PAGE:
Beware of Mixing Section 1202’s Version of Oil and Water – S Corporations and QSBS
Our Section 1202 tax articles and blog posts usually take an in-depth dive into the workings of QSBS planning issues. Today we are going to switch gears and focus instead on a couple of cautionary tales of lost tax savings opportunities.
This article is one of a series of blog posts addressing planning issues relating to qualified small business stock (QSBS) and the workings of Sections 1202 and 1045 of the Code.
The First Cautionary Tale
This story involves several friends who start up a successful software app business. Their original tax advisor recommends that they operate the business through an S corporation (children might ask, “why did the old lady swallow the fly? I don’t know why – maybe she’ll die”). A few years later, the business is converted to a C corporation during a financing round. After several more financing rounds and years of successful growth, the stockholders negotiate a $120 million exit. Each of the three founders are slated to receive $14 million in return for a $5,000 initial investment and years of hard work. A good result, particularly if the sales proceeds aren’t subject to federal and state income taxes. Unfortunately, deal attorneys advise the founders that while their preferred stock investors qualify for Section 1202’s gain exclusion, the founders’ stock is ineligible because it was issued by an S corporation. We confirmed that the deal attorneys’ advice was correct – stock issued by an S corporation cannot be QSBS. The lost federal, state and local tax savings exceeded $10 million dollars.
The three founders missed out on the Section 1202 gain exclusion because of a simple planning mistake An S corporation cannot issue QSBS. Stated another way, stock is not QSBS unless it is originally issued by a C corporation. The sad part about our tale is the founders’ Section 1202 problem could have been fixed if they had asked for advice when they converted from S to C corporation status.
The Second Cautionary Tale
Our second tale involves college roommates who organize a successful software app business start-up as a C corporation. Several years later they convert the company to an S corporation. After operating for two years as an S corporation, they convert back to a C corporation in connection with a financing round. This company also eventually goes through a successful sale process. Unfortunately, the investors’ accountants are not comfortable claiming Section 1202’s gain exclusion given the company’s S corporation history. We regularly see variations of this second tale in our practice.
This tale raises a couple of key talking points. First and foremost, business owners who are positioned to take advantage of Section 1202’s gain exclusion should think twice before converting their qualified small business to an S corporation. The potential benefits of Section 1202 could be forfeited. Second, it is important to understand that simply because a corporation has some history as an S corporation doesn’t mean that its stock cannot be QSBS. In fact, so long as the company is a C corporation when the stock is issued and when it is sold, a period as an S corporation doesn’t preclude claiming Section 1202’s gain exclusion if the “substantially all” standard can be satisfied, which requires that the company’s history as an S corporation is short compared to its history as a C corporation. For a detailed discussion of these issues see the article Dissecting Section 1202’s “Active Business” and “Qualified Trade or Business” Qualification Requirements.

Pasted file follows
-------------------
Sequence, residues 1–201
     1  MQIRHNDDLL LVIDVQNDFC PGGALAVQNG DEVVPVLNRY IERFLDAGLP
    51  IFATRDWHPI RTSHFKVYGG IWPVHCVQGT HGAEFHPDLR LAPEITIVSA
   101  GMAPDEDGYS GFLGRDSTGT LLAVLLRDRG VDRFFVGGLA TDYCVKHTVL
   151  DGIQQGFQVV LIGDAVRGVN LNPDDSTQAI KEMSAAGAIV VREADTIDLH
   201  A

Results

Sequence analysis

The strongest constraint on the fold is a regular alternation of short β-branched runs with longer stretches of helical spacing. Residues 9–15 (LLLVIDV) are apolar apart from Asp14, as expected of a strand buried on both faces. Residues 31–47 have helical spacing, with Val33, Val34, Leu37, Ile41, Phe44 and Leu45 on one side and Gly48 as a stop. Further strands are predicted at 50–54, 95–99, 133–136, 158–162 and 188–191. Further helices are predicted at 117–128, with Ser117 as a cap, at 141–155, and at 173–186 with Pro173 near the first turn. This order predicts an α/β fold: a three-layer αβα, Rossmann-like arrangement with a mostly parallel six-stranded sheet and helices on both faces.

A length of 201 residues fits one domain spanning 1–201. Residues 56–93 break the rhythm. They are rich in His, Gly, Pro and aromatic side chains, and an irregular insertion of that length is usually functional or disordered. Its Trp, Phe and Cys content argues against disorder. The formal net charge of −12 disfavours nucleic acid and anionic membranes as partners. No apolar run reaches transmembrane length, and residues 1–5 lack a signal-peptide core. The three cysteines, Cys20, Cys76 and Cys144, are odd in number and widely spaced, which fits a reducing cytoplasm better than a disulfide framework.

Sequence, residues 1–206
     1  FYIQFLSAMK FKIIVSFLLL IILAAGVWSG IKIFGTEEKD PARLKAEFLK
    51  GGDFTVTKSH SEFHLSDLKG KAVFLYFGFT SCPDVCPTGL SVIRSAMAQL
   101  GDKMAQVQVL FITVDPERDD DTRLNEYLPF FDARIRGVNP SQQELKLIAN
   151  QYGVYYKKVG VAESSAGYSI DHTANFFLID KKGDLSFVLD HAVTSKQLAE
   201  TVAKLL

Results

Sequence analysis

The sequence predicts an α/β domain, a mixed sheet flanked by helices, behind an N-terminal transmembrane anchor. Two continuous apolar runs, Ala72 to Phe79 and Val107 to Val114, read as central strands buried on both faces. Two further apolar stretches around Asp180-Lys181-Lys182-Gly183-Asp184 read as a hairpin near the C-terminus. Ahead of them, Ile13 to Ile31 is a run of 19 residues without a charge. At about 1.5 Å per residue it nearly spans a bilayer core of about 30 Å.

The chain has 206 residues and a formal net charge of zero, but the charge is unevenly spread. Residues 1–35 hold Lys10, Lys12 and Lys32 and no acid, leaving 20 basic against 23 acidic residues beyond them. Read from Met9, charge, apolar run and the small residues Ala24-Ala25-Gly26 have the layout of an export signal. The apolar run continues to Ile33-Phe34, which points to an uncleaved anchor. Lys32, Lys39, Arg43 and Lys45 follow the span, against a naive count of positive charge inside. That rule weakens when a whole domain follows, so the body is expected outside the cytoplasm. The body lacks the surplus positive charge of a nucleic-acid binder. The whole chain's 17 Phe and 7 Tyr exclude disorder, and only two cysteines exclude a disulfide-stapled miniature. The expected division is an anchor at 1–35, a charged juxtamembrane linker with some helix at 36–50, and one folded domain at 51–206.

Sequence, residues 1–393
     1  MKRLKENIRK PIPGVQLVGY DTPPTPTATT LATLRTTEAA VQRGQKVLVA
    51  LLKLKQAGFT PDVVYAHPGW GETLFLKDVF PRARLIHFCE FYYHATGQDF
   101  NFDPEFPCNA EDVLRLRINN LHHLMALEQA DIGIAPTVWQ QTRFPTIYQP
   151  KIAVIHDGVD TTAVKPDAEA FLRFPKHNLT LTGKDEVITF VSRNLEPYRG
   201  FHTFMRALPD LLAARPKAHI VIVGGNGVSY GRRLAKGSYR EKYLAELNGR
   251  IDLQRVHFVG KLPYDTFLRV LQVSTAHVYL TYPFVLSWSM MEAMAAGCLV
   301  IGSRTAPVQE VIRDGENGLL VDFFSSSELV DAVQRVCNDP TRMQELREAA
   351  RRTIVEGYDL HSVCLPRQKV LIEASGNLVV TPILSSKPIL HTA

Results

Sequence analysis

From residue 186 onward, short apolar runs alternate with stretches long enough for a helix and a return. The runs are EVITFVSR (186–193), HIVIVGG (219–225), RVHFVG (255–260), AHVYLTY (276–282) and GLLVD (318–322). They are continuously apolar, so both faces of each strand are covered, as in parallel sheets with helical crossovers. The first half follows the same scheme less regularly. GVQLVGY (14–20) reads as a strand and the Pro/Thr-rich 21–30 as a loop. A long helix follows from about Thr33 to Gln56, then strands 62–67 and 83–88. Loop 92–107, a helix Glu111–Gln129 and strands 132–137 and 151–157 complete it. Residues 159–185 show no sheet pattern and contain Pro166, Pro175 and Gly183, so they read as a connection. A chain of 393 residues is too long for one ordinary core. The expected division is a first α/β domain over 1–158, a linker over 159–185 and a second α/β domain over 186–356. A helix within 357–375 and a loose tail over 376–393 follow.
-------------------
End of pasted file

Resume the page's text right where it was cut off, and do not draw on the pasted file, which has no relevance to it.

The S corporation “problems” discussed above would be avoided altogether if founders are careful not to mix S corporations and Section 1202. If a corporation has any history as an S corporation, tax planning advice should be sought at the earliest possible time to put its stockholders in position to claim Section 1202’s gain exclusion. For a more detailed discussion of the intersection of S corporations and Section 1202, see the article Section 1202 and S Corporations.
As readers know, the potential tax benefits associated with Section 1202’s gain exclusion are enormous, but the statute has numerous traps for the unwary, making it easy to forfeit eligibility to claim those benefits. Good Section 1202 preventive hygiene includes thoughtful tax planning from issuance through sale of QSBS. We fully support and recommend that approach. But in addition to focusing on a couple of Section 1202’s biggest potholes, this article was intended to alert readers to the fact that even some of the most serious “foot faults” can be fixed, perhaps preserving millions of dollars of potential tax savings.
In spite of the potential for extraordinary tax savings, many experienced tax advisors are not familiar with Section 1202 and Section 1045 planning. Venture capitalists, founders and investors who want to learn more about Section 1202 and Section 1045 planning opportunities are directed to several articles on the Frost Brown Todd website:
If you want to learn more about the relationship of Section 1202 and S corporations, you can read our article Section 1202 and S Corporations.
Other Section 1202 and 1045 Articles Include:
- Section 1202 Qualification Checklist and Planning Pointers
- A Roadmap for Obtaining (and not Losing) the Benefits of Section 1202 Stock
- Maximizing the Section 1202 Gain Exclusion Amount
- Advanced Section 1045 Planning
- Recapitalizations Involving Qualified Small Business Stock
- The 21% Corporate Rate Breathes New Life into IRC § 1202
Contact Scott Dolson or Matt Campbell if you want to discuss any Section 1202 or Section 1045 issues by video or telephone conference.